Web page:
by Staff Writers
Dakar (AFP) Nov 21, 2011
Those living in Senegal's poor, cramped suburbs who have no running water at home can pay up to four times more for water than rich households, a United Nations water and sanitation expert said Monday.
UN special envoy Catarina de Albuquerque, speaking to journalists after a seven-day mission in Senegal, urged the west African nation to boost investment in water and sanitation, as current budgetary allocations are "insufficient".
"I noticed that the poorest are forced to pay much more than the better-off for water ... up to four times more," said De Albuquerque, a Portuguese national.
"Some families who fetch their water from street fountains spend up to 20 percent of their monthly income on water services" while the internationally accepted standard is between three and seven percent, she said.
This takes money away from spending on other priorities such as health and education.
She noted however that "considerable efforts" made by Senegal in recent years had allowed the country to provide 87.2 percent of the country with running water in 2010 compared to 69 percent in 2008.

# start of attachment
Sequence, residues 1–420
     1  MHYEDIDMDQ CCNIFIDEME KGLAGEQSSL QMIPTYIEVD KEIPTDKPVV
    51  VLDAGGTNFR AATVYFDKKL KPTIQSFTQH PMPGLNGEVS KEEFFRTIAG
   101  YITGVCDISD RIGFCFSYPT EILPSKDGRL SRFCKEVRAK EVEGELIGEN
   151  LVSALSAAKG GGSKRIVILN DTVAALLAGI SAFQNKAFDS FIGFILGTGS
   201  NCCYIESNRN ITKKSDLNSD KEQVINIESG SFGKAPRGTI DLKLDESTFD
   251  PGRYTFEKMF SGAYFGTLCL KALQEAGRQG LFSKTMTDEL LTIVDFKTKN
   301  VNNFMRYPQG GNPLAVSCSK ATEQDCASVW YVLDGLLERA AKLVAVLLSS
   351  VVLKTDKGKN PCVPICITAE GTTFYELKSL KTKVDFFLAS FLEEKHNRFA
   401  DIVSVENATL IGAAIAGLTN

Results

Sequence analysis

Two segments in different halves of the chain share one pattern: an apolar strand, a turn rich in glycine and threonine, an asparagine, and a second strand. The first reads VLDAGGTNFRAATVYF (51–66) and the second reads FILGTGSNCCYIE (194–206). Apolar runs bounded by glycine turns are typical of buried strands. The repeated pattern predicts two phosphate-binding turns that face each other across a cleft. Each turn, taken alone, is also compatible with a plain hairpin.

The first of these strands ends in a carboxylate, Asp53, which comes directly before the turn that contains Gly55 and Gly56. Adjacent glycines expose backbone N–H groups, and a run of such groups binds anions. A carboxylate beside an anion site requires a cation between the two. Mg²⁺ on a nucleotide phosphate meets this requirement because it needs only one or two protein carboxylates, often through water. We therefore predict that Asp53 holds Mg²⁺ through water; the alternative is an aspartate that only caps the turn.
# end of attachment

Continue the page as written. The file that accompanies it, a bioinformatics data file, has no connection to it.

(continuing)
"The Senegalese government has often said that sanitation is a priority but this has not been matched bby sufficient budgetary allocations."
Alhaji Dieng, an official from the Senegalese Water Company said water coverage in urban areas is 98.5 percent, with street fountains providing for 12.2 percent of this figure.
Africa's westernmost state, Senegal is also one of the continent's most stable governments, however poverty is widespread and unemployment hovers at around 48 percent.
Water News - Science, Technology and Politics
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Long-term study shows acid pollution in rain decreased with emissions
Champaign, IL (SPX) Nov 18, 2011
Emissions regulations do have an environmental impact, according to a long-term study of acidic rainfall by researchers at the University of Illinois. The National Atmospheric Deposition Program collects rainfall samples weekly from more than 250 stations across the United States and analyzes them for pollutants. The program recently released a report detailing trends in acidic rainfall fr ... read more
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